Lot 114
Sold for £2,040 (US$ 3,426) inc. premium
Auction Details
Lot Details
Collection of scripts and letters, relating to Saint Joan, comprising: (i) the annotated carbon typescript of Saint Joan, inscribed on the upper cover by Shaw "Miss Elizabeth Bergner's copy, from G. Bernard Shaw/ 30th Nov. 1934": this being the script of the film adaptation submitted by Shaw to Elizabeth Bergner, whom he wanted to play Joan, with her husband directing (1934); (ii) an earlier autograph letter to Elizabeth Bergner, urging her to play Joan on the stage with Charles Macdona (1934); (iii) revised typescript, signed and dated at the end, of his interview with Thurston Macauley of the New York Times over alleged attempts at Roman Catholic censorship of Saint Joan, which could destroy any chance of its being made into a film ("...this play is not mine: it's Saint Joan's. I have only arranged it for the stage; and so I may call it a great play with as much detachment as you...") (1936); (iv) autograph letter to H.W. Massingham of the Nation, explaining problems of characterisation in Saint Joan (1924); (v) autograph postcard to the poet Sir Henry Newbolt ("...I am glad you liked Joan... the impression left by the deputy Inquisitor Lemaitre is one of small beer. But in tragedy you have to make the persons conscious of their own significance, and in a comedy to make them ridiculous by their unconsciousness of it..."), 1924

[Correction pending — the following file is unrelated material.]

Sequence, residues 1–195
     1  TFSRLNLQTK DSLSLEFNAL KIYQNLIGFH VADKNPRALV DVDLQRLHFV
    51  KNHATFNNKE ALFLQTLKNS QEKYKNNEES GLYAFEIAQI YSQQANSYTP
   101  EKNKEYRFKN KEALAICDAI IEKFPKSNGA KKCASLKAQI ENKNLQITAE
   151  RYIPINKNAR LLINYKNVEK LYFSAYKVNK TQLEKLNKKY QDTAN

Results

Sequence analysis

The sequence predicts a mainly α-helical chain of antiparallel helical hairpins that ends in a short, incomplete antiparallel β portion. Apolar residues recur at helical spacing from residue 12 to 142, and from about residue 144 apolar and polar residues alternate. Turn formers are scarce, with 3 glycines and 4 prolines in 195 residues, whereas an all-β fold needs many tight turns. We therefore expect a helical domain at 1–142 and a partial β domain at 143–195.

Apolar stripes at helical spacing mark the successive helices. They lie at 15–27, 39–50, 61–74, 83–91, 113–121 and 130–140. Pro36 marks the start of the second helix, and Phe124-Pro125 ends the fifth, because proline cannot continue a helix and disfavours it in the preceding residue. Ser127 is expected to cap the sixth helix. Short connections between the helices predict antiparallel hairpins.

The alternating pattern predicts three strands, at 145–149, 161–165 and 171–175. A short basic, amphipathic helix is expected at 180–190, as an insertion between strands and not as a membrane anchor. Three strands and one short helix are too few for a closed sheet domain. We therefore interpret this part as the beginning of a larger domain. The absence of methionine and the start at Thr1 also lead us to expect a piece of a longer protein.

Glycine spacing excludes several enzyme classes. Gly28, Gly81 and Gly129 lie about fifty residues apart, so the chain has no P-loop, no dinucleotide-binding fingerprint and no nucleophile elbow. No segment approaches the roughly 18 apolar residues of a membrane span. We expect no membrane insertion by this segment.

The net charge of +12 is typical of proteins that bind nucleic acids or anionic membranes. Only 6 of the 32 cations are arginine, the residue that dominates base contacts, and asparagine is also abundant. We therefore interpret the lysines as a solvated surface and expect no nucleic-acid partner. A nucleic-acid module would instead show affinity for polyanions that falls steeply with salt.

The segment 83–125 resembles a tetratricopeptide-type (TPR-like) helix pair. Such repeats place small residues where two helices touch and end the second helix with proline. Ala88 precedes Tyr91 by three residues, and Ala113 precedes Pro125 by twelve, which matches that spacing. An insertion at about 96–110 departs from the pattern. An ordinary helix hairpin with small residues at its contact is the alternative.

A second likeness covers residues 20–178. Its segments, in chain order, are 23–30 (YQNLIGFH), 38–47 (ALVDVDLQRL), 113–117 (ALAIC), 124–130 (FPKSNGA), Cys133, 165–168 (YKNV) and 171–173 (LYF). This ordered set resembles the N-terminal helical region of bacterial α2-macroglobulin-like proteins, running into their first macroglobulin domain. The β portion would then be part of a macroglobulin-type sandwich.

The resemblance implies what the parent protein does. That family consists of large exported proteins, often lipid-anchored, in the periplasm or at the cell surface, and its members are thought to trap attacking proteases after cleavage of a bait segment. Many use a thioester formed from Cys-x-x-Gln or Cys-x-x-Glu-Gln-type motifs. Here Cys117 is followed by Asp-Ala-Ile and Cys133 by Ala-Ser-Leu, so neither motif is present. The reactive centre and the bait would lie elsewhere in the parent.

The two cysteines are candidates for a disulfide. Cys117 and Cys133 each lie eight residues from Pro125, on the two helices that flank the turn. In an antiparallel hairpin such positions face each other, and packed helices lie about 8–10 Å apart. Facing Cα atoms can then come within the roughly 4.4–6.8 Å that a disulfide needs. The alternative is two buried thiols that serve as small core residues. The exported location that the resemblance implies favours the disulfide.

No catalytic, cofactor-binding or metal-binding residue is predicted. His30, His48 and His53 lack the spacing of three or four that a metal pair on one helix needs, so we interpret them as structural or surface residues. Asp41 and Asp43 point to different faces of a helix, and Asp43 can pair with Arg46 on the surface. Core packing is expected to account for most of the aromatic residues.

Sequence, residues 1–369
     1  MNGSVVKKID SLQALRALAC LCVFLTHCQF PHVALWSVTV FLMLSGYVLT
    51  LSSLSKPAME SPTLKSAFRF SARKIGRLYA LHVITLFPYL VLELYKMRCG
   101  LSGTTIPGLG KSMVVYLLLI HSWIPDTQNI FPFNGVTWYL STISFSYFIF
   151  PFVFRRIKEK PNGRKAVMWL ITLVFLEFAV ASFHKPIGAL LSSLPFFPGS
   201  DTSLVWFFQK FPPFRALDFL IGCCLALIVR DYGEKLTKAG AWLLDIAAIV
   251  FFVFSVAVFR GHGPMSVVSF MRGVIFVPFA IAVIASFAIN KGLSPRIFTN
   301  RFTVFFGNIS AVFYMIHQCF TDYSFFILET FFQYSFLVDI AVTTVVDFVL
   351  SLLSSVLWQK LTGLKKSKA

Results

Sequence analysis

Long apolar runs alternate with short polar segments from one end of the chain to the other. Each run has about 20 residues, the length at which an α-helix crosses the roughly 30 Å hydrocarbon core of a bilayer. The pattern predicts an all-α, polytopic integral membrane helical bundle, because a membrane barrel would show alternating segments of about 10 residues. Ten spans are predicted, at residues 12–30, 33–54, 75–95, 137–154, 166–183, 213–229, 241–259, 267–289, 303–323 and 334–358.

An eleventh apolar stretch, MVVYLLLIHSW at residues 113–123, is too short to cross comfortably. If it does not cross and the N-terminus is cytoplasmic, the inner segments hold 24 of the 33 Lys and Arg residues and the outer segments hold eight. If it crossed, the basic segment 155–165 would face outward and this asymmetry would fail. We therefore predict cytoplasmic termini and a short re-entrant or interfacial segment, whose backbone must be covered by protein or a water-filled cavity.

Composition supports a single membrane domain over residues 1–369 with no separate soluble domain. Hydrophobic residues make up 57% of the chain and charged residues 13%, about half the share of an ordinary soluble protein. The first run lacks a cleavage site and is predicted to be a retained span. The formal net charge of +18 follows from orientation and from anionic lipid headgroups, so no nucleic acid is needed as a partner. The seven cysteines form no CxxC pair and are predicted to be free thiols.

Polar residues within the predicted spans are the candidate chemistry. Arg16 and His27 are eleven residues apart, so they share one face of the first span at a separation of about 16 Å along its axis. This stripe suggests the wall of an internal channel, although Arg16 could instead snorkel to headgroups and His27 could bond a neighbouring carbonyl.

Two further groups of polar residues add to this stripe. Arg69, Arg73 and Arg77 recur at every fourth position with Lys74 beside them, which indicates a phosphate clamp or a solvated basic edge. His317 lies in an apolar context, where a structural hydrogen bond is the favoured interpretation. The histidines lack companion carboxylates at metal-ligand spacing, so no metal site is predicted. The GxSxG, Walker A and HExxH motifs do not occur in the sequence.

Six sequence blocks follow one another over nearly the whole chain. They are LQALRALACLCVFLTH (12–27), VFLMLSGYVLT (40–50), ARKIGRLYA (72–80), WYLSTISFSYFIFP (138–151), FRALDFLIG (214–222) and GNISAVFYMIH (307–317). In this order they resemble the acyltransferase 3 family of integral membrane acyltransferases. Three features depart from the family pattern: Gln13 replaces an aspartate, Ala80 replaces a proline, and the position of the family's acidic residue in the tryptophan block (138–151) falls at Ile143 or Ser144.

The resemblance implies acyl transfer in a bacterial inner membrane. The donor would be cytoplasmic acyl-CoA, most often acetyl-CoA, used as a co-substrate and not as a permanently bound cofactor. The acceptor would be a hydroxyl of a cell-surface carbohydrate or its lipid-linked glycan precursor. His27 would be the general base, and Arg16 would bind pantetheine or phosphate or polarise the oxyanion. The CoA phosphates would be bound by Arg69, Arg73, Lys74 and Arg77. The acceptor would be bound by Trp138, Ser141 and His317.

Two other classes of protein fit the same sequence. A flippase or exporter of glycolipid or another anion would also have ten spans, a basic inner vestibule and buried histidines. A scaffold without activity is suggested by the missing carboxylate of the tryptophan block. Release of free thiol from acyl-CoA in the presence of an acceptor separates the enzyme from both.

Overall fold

• A FINE COLLECTION RELATING TO SAINT JOAN, INCLUDING THE SCRIPT OF THE FILM ADAPTATION GIVEN TO ELIZABETH BERGNER TO PLAY THE TITLE ROLE: "almost immediately after finishing the Pygmalion script, [Shaw] had started on one of Saint Joan. 'I had to make the scenario for that,' he told Theresa Helburn; 'for nobody could cut the dialogue and write the new scenes except myself.' It took him a fortnight and at the end of November 1934 he handed it to the Viennese actress Elizabeth Bergner who had created the role of Joan ten years earlier in Max Reinhardt's Berlin production. Bergner had recently married the Hungarian producer-director Paul Czinner who planned to form a syndicate including Twentieth Century-Fox and produce a film of Saint Joan starring his wife" (Michael Holroyd, Bernard Shaw, 1991, iii, pp.380-1).
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